The other day I wrote about how Husband and the boys all play “together” in an online virtual world. They’re talking to one another as they play–“do you have the paradox coins?” “no but I found more imagination points,” “how do you get to the maelstrom?”– it’s as if my apartment has suddenly become the bridge of the Starship Enterprise, which I think may make me a white Uhura, but without the great haircut.

(And yes, Husband, I realize that you’re playing Lego Universe and it’s totally not Star Trek, but just allow me some blogetic license here, okay? I’m making a point.)

The boys love it–and by “boys” here, I include Husband, too. Poor thing seems to have married a woman who finds computer games…well, dull. My time-wasting mechanisms involve flipping through the tabloids, scrolling Perez Hilton, trolling the blog czarinas, or compulsively checking my twitter feed, so it’s not like I want everyone to Be Productive All The Time. But this picture, of each of them staring into a screen and not at each other bothers me. I know they’re interacting–they’re talking to one another, they’re frequently on missions or excursions or battles together, out there in the virtual universe–but it’s not quite the same as  flinging the dice at someone during a game of Risk.  That’s how you play a family game, people.

How do you learn, while you’re gazing into a screen, that functioning in the world requires compromise and negotiation and the ability to put up with people who are idiots?  In the game world you can eventually just blow up people you disagree with (the Quaddafi method, we might call it).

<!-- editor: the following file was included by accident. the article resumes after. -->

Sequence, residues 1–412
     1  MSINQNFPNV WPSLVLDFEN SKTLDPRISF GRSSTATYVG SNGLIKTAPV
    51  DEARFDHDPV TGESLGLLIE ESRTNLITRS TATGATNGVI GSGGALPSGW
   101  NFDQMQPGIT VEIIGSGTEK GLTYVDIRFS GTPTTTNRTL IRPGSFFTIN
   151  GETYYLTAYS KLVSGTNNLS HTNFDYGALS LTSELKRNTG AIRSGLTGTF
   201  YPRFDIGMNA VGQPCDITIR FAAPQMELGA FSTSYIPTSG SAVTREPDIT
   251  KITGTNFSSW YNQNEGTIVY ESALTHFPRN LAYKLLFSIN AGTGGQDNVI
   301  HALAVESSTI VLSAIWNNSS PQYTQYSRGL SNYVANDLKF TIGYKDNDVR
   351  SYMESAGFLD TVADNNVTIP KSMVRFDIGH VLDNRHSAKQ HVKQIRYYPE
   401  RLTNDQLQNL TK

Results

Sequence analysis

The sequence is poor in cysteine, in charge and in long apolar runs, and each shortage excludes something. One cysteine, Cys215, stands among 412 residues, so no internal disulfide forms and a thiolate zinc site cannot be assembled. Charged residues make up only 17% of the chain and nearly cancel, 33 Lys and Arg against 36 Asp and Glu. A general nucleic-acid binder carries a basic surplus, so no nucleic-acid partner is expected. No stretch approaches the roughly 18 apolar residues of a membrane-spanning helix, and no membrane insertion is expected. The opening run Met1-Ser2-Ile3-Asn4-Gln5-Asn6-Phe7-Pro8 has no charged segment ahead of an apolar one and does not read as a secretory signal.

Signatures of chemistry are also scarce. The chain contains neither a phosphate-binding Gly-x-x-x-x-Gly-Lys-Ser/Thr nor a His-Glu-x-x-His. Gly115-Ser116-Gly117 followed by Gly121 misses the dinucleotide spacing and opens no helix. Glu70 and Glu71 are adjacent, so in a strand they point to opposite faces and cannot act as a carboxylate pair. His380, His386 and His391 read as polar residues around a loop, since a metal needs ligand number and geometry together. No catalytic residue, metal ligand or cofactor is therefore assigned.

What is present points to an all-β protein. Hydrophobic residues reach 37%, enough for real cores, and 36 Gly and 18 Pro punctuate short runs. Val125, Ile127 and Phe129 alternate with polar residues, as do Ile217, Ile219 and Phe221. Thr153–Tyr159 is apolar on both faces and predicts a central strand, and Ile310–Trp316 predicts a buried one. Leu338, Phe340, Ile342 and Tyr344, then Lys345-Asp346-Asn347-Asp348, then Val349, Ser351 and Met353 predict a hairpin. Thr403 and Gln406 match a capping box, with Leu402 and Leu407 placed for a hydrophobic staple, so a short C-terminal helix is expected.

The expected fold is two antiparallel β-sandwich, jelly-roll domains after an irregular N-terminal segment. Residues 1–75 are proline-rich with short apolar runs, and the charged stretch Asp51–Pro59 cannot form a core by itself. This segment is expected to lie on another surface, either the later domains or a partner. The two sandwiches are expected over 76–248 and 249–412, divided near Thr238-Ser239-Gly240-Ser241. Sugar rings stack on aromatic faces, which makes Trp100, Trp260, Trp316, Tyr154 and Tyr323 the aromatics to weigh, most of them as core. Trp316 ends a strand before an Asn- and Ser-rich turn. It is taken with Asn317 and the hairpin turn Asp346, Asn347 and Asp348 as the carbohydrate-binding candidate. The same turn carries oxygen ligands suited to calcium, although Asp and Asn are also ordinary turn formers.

Caleb loves Lego Universe and another game, called Age of Empires, which is a game based on actual historic figures–you have to decide when and where to attack, how to build a fortress, gather supplies, protect your townspeople. Tonight Caleb was playing with an army being led by “some guy, Nah Plee Own, who is that?”

Napoleon, that would be. Famous French general, now a character in a computer game. Vive la France.

Caleb can play this game now, ironically, because he can read–all the commands and options and various strategies come up on the screen in little blurbs, so if you can’t read fast enough, you can’t figure out who the hell Nah Plee Own is going to attack next, or who is going to attack him.

So bravo for the reading skills, right? And of course, Liam used to play Age of Empire all the time, so Caleb feels very grown up, hunched in front of his screen like his brother and father (and yeah, okay, like his mother, who writes this post sitting on the couch with her laptop perched on her lap).  Screens are inevitable in his life, just as they are inevitable in the lives of all the kids growing up in this day and age and demographic.

Caleb’s legos–actual legos, not virtual legos–come out less frequently now. And even though my desk resides in lego central, I realized the other day that I miss that hellacious pile of nubbly plastic bits.  I’d rather have this:

or even this:

But I think as Caleb gets older, I’m going to see more and more of this: